Make your PT your own personal Rational Adult. Let them control your return to playing after the surgery. Make it clear on your first vist that you want them to activly control your return to playing. Having a good PT on your side is a real help with you start back. They are trained to watch for untoward events and how to deal with them. They are objective and not emotionally attached to returning to the instrument too fast. Too fast can be disasterous in this kind of recovery. I went through massive PT to be able to return to guitar. I am playing again because my Rational Adult was the one who led the way.

I have seen that you are very motivated to master the insturment. That is great, as long as your don't exceed your body's capacity to safely do. So when you start back, get your PT on your team from day one. Let them control "how much, how fast". That is the most direct line to mastery of the insturment after a set physical setback like surgery.

Good luck, hope to see you here again soon after the surgery.

PS. Steve Vie is broadcasting a segement on his web channel, and accoring to


Captcha is a total pain in the........

# 4
SusanMW
Registered User
Joined: 07/05/20
Posts: 222

That is grea advice thank you. I have already gone through 5 visits of PT pre-surgery which they said will help the recovery after. I have a great PT team and they know how important playing is to me, so I feel like I'm in good hands.

I'll have to check out that video of the guitarist....


“Often, what seems like an impossible climb is just a staircase without the steps drawn in.” Robert Brault, American Operatic Tenor

# 5
snojones
Full Access
Joined: 04/17/13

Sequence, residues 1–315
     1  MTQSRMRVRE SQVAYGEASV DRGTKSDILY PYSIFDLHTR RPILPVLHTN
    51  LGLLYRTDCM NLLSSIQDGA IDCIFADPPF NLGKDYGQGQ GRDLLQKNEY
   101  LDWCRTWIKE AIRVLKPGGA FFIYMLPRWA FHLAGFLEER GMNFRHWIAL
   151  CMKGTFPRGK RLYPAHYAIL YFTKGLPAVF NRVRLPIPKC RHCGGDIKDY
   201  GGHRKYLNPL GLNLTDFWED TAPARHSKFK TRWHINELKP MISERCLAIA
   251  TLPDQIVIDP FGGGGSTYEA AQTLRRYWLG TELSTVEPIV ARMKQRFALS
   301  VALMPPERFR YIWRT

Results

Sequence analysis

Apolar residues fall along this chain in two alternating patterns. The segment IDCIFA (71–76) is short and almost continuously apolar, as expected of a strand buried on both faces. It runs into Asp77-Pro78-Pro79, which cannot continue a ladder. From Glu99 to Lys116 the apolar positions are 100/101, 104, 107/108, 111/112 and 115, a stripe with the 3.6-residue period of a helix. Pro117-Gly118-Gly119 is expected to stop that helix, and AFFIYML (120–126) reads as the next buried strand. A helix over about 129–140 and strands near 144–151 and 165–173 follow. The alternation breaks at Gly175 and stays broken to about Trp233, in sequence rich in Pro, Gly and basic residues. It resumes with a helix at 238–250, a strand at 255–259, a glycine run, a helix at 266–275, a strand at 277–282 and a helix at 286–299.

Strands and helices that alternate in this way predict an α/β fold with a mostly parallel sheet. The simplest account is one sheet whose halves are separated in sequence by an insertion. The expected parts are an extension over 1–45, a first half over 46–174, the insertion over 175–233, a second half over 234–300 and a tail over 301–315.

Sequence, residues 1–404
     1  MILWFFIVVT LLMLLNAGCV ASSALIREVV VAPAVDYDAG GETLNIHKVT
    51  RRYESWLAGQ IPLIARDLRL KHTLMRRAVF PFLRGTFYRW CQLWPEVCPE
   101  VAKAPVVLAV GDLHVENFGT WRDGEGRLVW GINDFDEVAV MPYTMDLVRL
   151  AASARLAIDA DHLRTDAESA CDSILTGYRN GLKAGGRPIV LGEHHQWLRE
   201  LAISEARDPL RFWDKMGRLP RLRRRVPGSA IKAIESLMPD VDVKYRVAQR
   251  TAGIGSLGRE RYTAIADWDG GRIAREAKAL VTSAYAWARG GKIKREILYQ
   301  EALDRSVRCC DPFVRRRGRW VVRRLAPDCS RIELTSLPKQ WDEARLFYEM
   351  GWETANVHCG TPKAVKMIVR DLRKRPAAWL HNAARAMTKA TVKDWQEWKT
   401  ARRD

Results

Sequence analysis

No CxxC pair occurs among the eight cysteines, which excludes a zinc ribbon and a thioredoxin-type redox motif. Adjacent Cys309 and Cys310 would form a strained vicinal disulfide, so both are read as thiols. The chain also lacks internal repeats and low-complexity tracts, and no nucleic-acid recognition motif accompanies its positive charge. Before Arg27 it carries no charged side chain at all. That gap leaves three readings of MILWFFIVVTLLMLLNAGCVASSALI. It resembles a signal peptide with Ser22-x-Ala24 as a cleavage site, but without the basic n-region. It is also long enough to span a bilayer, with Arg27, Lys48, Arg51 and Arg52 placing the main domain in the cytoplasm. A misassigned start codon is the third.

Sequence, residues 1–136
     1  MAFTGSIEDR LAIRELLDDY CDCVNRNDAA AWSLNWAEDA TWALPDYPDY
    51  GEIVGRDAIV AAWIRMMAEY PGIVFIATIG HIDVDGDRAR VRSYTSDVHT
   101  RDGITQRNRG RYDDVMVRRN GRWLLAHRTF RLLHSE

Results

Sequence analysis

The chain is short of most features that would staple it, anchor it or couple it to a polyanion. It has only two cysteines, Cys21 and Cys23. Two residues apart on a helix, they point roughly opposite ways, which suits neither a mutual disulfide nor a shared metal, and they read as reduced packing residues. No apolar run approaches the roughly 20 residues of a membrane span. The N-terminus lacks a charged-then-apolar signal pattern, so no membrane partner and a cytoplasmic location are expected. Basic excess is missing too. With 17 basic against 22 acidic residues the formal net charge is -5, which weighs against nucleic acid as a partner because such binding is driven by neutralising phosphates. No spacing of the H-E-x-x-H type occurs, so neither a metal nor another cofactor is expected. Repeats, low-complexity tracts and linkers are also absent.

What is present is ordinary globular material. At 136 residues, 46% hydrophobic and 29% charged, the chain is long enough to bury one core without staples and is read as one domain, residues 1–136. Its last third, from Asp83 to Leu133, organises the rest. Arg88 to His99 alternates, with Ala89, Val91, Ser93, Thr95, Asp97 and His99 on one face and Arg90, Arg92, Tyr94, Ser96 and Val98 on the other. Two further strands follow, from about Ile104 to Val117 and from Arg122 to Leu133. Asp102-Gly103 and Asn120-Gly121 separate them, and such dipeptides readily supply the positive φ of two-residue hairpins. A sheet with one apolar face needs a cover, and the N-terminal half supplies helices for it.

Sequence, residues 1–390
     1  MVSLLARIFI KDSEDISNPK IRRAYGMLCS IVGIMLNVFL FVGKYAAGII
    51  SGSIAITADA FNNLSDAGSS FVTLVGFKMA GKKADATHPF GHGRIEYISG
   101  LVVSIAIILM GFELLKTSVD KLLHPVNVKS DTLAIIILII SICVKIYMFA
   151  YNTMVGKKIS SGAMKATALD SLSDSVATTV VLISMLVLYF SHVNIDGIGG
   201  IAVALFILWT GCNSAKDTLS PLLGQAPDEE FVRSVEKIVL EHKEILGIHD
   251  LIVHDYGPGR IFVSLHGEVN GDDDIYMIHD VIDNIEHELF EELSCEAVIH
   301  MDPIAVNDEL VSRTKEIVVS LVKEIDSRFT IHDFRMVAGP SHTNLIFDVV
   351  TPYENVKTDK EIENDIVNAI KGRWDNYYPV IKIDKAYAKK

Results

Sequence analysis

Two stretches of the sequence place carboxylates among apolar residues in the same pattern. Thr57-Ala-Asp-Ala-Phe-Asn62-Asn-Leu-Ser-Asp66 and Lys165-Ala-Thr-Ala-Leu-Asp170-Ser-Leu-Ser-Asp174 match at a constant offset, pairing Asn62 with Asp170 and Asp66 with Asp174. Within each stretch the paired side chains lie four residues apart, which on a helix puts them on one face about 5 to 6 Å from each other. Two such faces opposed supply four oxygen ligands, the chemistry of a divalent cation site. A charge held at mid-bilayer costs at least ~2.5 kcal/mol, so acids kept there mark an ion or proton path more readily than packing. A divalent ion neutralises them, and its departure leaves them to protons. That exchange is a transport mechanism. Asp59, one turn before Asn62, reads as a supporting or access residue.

Posts: 675

Be very specific that you want them to activly set limits for your return to guitar. Keep asking about those limits every time you go into the office. Many people just sit there and don't activly participate to get what they want, so the PT will likely jus run through their usual speal. Be spacific. This will help your PT anticipate your questions and so they will be better ready to provide you with this spacific need.

Good Luck, go get em Tiger.


Captcha is a total pain in the........

# 6
ddiddler
Full Access
Joined: 05/13/20
Posts: 327

Good luck. [br]as you still have a couple of weeks to wait have some more lemonade, why not tune the guitar with your r/hand

maybe slower/awkward but once done it should hold a while

Dave


# 7
SusanMW
Registered User
Joined: 07/05/20
Posts: 222

Surgery was today and went well. It's a pain to do everything with just one hand but at least i have neighbors to help with certain things. I'm on round 2 of pain meds.

I am looking forward to studying my lessons along with theory for the time being. I'm also getting a digital piano soon so I'm really excited about that. Ive always wanted to learn the piano but once i found out how helpful it is for guitarists i was sold. I'll just have to play one handed for awhile.

I have an image Ive been keeping in mind.... of me plaing my guitar (and ukulele) on my front porch on a warm summer evening. I'll be healed by then! Happy thought, happy heart...


“Often, what seems like an impossible climb is just a staircase without the steps drawn in.” Robert Brault, American Operatic Tenor

# 8
snojones
Full Access
Joined: 04/17/13
Posts: 675

It might be difficult to play guitar and ukelele at the same time. But hey, I admire the grand ambition. I have seen saxaphone players play 2 saxs at the same time. Maybe duck tape rides again....

Glad you are in the Recovery Phase.


Captcha is a total pain in the........

# 9
matonanjin2
Registered User
Joined: 08/11/17
Posts: 357

Susan, thank you for keeping us up-to-date on the recovery.


[u]Guitars:[/u] 2014 PRS Santana, 2013 PRS Paul's, 2009 PRS Hollowbody, 1972 Gibson ES-325, 2012 Fender Strat American Standard, 2012 Yamaha Pacifica, Martin M-36, Martin 000-15M, Seagull S6 Classic[br][u]Amps:[/u] Fender Blues Junior III, Boss Eband JS-10, Line 6 POD 500X, Quilter Microblock 45

# 10